2019 KIA Sorento SX - 3.3L GDi V6 - AWD
I would certainly consider it, yes. A 0W motor oil is definitely not needed in a warmer climate like South Florida - especially in summer time. Plus a lower evaporation loss (NOACK Volatility percentage) is certainly desirable (for all the reasons given above).Now you mentioned before that the main reason you use a 0W-XX oil (0W-20 in the winter) is because of the colder temperatures in Northern Ontario (which is perfectly understandable, it gets pretty cold down here in the Southern Ontario as well ).
But if you lived in a much warmer climate, say South Florida for instance, would you still stick with a 0W-XX multigrade or would you consider moving up to a 5W-XX or even a 10W-XX oil (given the lower NOACK numbers of those grades), especially for the hot summer months?
Or is there another reason to stick with a 0W oil?
However, that said, as dubber09 pointed out above, there are many other important factors to consider in a motor oil formulation than just the viscosity and NOACK numbers - such as the base oil composition and the percentage of each base oil used, the additives used in the blend (type, quality, quantity), etc.
The only thing that truly matters however, is the quality and performance of the finished blended product. The point is, a motor oil can’t be judged solely by its base oils – you need to take the entire formulation into account.
Now, as dubber09 noted, a given brand's 0W-xx multi-grade will usually have a higher percentage of lower viscosity Group IV PAOs in the blend than their 5W-xx from the same product line. (Note: PAOs come in different viscosities - some oil formulations use a mix of more than one of them in the blend.) However, that 5W-xx might very well be using a higher percentage of the higher viscosity PAO in its blend. Both could be using the same amount of Group V esters.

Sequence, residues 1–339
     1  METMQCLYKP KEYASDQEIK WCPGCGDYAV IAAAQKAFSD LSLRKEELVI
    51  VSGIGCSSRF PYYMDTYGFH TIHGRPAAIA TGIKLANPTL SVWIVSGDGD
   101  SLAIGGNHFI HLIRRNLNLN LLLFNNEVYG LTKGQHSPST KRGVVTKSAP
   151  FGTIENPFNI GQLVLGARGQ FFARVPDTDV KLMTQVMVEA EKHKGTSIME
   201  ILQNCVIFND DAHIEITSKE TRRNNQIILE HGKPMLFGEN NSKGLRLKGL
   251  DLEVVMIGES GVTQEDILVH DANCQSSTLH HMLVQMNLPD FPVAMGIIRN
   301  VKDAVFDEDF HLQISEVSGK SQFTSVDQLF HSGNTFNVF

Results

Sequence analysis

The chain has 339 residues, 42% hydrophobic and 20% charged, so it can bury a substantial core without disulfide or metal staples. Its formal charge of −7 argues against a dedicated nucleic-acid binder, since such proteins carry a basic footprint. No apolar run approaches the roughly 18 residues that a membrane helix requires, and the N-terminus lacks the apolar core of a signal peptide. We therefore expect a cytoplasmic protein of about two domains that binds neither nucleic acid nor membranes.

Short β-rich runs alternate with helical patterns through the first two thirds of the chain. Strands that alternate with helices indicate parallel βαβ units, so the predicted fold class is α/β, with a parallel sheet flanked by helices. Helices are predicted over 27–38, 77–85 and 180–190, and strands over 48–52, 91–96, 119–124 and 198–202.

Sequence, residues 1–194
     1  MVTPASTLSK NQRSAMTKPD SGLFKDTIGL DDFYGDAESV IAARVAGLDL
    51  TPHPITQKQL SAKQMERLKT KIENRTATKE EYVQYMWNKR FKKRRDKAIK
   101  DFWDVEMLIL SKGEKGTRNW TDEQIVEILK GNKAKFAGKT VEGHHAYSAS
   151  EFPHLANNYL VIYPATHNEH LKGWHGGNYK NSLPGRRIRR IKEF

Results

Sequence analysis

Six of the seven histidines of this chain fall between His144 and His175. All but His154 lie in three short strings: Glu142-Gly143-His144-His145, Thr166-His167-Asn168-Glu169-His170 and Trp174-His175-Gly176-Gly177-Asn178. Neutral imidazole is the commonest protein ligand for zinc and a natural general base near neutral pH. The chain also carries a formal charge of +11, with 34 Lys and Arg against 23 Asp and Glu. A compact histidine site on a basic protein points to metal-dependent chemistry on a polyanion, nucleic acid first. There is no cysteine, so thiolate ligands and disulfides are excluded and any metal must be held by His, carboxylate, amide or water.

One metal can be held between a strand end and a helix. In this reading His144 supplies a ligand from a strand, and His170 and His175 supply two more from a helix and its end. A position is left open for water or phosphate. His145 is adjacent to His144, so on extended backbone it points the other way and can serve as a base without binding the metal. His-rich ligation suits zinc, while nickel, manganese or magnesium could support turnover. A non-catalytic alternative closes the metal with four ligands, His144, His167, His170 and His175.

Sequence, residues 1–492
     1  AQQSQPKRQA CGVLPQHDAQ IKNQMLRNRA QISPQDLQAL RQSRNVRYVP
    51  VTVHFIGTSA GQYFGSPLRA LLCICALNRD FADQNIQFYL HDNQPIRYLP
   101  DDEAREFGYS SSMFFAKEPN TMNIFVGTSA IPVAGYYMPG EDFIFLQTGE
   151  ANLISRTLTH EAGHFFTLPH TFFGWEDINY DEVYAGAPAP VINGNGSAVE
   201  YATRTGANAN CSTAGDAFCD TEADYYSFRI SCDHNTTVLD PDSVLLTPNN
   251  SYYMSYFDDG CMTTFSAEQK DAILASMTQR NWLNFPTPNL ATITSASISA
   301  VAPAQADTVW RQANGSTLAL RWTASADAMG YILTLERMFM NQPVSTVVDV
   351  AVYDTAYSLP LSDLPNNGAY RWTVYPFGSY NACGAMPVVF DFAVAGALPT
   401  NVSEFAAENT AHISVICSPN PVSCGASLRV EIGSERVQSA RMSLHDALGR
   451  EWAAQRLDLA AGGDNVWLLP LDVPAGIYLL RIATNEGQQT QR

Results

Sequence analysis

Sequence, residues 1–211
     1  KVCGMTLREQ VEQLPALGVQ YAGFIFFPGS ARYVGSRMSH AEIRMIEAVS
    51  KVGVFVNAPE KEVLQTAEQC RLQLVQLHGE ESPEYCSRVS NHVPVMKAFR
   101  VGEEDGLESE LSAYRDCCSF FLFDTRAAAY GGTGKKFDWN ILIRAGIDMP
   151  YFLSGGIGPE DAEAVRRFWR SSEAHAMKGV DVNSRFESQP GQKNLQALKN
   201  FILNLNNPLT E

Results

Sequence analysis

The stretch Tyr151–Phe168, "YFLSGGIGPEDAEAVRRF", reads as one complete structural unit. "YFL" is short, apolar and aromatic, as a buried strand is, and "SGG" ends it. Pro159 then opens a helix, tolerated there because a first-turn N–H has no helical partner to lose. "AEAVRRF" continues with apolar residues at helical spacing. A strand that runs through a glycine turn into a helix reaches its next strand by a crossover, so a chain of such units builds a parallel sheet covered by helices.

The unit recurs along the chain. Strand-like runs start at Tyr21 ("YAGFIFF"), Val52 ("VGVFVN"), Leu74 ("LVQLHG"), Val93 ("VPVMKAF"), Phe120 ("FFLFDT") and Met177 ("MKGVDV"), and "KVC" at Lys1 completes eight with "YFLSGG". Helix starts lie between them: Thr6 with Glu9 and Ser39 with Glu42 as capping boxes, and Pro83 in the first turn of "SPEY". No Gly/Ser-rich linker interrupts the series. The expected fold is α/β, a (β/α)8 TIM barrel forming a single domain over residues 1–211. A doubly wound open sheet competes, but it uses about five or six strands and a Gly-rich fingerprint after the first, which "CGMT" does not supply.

(It's important to note that no oil company will voluntarily reveal the exact composition of their oil formulations as that information is proprietary. And no, a simple Oil Analysis will not provide those answers either.)
Now the example I gave above only applies to those Full Synthetic motor oils that actually use PAOs as one of their base oils (a "true" synth oil as dubber called it). But don't assume that all 0W-xx oils use Group IV PAOs as one of their base oils, many don't...
For example, Toyota's branded 0W-20 motor oil (as well as Mazda's and Idemitsu's 0W-20 oils) use only Group III base oils in their blends. Also, the GTL (Gas-to-liquid) base oils that SOPUS (Shell, Pennzoil, Quaker State) uses in most of their high-end products is still classified as a Group III(+) base oil (so again not a "true" synthetic if you go by the original definition of "synthetic") - though I would argue in this case that GTL based oils are very close to Group IV PAOs in actual composition and performance. There are even some 0W-20 oils that are only Synthetic Blends (e.g. Motorcraft 0W-20).
[For more on Base Oil Groups see THIS POST]
Which brings me to another point. In order to pass the "Low-Temperature Cranking" and "Low-Temperature Pumping" tests required to meet the 0W-xx viscosity requirements, a Group II/III based motor oil needs to rely a lot more on Viscosity Modifier polymers (plastics) than an oil based on Group IV (PAOs have naturally high viscosity indexes - although GTL based oils are very close). For instance, Toyota's 0W-20 synthetic oil has a very high viscosity index, but it is loaded with VIIs.
Speaking of VM/VII polymers, a multi-viscosity oil that has a wider viscosity span (the range between the first number and the second number) will need a lot more VII than one with a very narrow viscosity span (and that is true of all brands). For example, a 0W-40 blend will have a lot more VII than a 10W-30 blend (from the same product line). In fact, some 10W-30 oils are basically just straight 30 weights with no VII added at all to the blend.
As to the use of the qualifying words "Full", "True", "Real", "100%", all those words are used pretty much interchangeably today to describe a Synthetic motor oil (as are words like "Ultimate", "Supreme", "Advanced", and the list goes on). They really don't mean much anymore - it's mostly all marketing. Don't count on those labels telling you the type of base oils used in the blend. But as I said above, what really matters in the end is the quality of the finished product.